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Re: That Rel@tionship Is Long Over (Long) - Update, p. 22
« Reply #25 on: April 02, 2012, 06:55:51 PM »
"'Friendship is far more tragic than love. It lasts longer." - Oscar Wilde

Sorry, I was hoping to throw a little humor into the situation.  Losing a friend truly is the toughest end to a failed attempt at romance.

Aria

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Re: That Rel@tionship Is Long Over (Long) - Update, p. 22
« Reply #26 on: April 02, 2012, 07:39:50 PM »
Harriet and MacademiaNut: thanks for the hugs! And you're both right, I fully expect him to contact me again. Ugh, I hope it doesn't happen anytime soon though.

JacklynHyde, I like that quote! Thanks for the laugh  :)

Hawkwatcher

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Re: That Rel@tionship Is Long Over (Long)
« Reply #27 on: April 02, 2012, 11:26:03 PM »
POD to both Harriet and Dindrane. You did not lead him on. Honestly, although there may be a minority of women out there who deliberately lead men on, I think this is a situation which has someone become believed to be a pervasive problem, when I don't think it really is. It smacks of entitlement to women's attention and bodies and reinforces a kind of self-validating image of the man as irresistible - of course a polite smile means she's into you! - and the woman as devious and somehow at fault for the man's rejection.


Based on Aria's update, that sounds like exactly what Peter was doing.  It sounds like Aria told him several times that she was not interested in him romantically.  Instead of taking Aria's word for it, he decided to twist any friendly gesture as a sign of "true love."  This type of behavior makes me angry.

Aria, you have no reason to blame yourself.  You did nothing wrong.  But if he contacts you again, you have a prefect reason for not reviving the friendship.  You can tell him that you don't want to risk him getting hurt.

Arista

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Re: That Rel@tionship Is Long Over (Long) - Update, p. 22
« Reply #28 on: April 03, 2012, 12:56:50 AM »
Aria, I just wanted to say that you did a good thing, making a clean break from Peter.  It must have been tough to let go of an old friend, but Peter is no longer the friend you had, and will not be able to be that friend to you ever again until he has a chance to get over you.  You did him a kindness by making things very clear, so that he cannot delude himself any longer.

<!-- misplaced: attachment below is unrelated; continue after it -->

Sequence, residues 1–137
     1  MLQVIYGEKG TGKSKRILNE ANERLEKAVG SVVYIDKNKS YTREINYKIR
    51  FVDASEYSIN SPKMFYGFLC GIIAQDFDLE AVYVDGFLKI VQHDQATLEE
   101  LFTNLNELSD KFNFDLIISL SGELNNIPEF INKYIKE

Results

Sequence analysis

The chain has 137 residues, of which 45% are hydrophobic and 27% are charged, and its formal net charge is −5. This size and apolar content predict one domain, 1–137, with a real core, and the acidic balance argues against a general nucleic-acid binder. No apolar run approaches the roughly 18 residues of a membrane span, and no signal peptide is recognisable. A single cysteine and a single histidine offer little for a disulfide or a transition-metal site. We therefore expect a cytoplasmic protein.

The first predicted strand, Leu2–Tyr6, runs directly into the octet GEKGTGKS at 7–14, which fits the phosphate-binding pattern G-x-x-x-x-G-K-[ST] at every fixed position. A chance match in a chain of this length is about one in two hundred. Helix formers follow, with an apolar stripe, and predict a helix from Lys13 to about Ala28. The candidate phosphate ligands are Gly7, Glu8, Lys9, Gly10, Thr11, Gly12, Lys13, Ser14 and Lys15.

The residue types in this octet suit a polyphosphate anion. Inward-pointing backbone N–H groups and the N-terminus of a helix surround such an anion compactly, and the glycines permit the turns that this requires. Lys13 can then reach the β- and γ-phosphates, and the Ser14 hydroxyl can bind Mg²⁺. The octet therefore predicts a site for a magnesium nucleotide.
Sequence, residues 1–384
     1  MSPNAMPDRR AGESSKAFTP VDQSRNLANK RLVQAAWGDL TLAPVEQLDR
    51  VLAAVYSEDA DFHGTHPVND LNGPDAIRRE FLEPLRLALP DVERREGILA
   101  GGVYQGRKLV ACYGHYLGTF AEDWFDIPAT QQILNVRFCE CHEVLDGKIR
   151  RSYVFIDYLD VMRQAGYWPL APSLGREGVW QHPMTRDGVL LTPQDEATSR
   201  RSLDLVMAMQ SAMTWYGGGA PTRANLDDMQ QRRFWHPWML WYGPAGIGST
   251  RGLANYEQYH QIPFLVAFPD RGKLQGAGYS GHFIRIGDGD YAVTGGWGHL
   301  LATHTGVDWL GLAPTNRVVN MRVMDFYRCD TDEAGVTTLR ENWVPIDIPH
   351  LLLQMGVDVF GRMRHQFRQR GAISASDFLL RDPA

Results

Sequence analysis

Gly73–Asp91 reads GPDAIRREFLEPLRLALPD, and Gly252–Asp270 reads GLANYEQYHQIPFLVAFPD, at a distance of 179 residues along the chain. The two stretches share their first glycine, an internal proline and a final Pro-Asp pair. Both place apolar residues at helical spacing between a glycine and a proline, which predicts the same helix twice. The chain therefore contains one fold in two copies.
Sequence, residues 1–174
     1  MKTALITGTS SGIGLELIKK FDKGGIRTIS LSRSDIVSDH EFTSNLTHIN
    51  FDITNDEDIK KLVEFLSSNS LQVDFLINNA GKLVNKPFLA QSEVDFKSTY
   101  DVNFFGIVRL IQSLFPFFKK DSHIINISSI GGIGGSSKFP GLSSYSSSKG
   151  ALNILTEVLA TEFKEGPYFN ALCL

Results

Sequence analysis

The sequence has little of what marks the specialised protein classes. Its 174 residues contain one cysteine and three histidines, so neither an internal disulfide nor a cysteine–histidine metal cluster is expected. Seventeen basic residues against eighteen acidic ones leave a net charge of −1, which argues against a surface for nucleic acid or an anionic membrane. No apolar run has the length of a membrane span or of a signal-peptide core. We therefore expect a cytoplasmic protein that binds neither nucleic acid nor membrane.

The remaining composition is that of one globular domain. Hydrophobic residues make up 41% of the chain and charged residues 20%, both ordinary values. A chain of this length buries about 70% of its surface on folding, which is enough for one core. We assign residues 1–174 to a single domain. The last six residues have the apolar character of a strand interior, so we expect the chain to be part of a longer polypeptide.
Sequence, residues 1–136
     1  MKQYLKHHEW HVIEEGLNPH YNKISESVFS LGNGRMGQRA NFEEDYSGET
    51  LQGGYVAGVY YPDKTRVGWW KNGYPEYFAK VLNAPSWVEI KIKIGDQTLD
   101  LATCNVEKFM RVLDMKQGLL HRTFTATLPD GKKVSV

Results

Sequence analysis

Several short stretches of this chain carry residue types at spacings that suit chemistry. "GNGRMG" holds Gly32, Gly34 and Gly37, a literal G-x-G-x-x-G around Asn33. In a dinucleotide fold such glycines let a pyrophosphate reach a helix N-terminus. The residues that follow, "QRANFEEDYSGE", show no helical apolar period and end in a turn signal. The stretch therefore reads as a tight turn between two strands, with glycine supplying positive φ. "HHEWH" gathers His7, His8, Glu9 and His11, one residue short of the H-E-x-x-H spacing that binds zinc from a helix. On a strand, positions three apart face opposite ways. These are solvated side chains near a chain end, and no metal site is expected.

Reading this story made me think of two problems I have.  The first is, I feel like especially as a woman, I was brought up with the idea that saying "no" is rude to do, but if you have to say no, it's necessary to soften it somehow, to spare the other person's feelings.  I have a much stronger spine now than I did when I was in my teens and twenties, but back then if a guy I had no interest in asked me out, I would have been more likely to respond with something like, "I can't this weekend, sorry, I have to go help my grandmother.  Maybe another time," to mitigate the blow to his ego.  After all, he might think I was a female dog if I just said no with no explanation (gasp, the horror)!  Of course, as I've since found out, these open-ended nos are bad news because while some guys pick up on the clues when a girl turns them down 3-4 times in a row, there are plenty of guys that do not.  I bring it up because had I been in Aria's situation back when I was younger, I could have easily seen myself saying something along the lines of, "Peter, I think you're a great guy, and you'll be a great boyfriend for some lucky girl!  I'm really flattered, but I'm not looking for a relationship right now."  I'd be thinking, "Whew, I let him down easy.  I hope he's not mad at me and that we can still be friends."  He'd be thinking, "She thinks I'm great, and she's flattered?!  She says no, but if I keep asking, eventually she'll say yes." 

Which leads me to problem #2:  I feel like the media has a hand in influencing people of both genders to think that if they just persist long enough, the unattainable person of their dreams will see all of their charms and fall madly in love with them, as long as they are willing to wait it out and keep trying.  It's so romantic!  And it can make for a sweepingly epic book, or movie... but in real life?  It's creepy, unhealthy, and borders on harassment.  The ironic thing is, many books and films popular with women have this exact trope, and men assume that's what women are looking for, a suitor that won't give up and won't take no for an answer.  See:  Twilight, Say Anything..., Pride and Prejudice, etc.  Double the whammy when the movie/book, etc. involves friends becoming lovers.  Aria, Peter was probably hoping he'd be the Harry to your Sally.

I don't think you did anything wrong, and I'm glad that Peter finally got a dose of reality.  If a situation likes this ever comes up again, you'll know how to handle it. 
« Last Edit: April 03, 2012, 01:00:24 AM by Arista »

MacadamiaNut

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Re: That Rel@tionship Is Long Over (Long) - Update, p. 22
« Reply #29 on: April 03, 2012, 01:11:35 AM »
Arista, I am not the OP but I thank you for your poignant post.  Soooo many good points there.  It really made me think...
Paperweights, for instance - has anyone ever established what, when, and why
paper has to be weighed down? ::) ~Don Aslett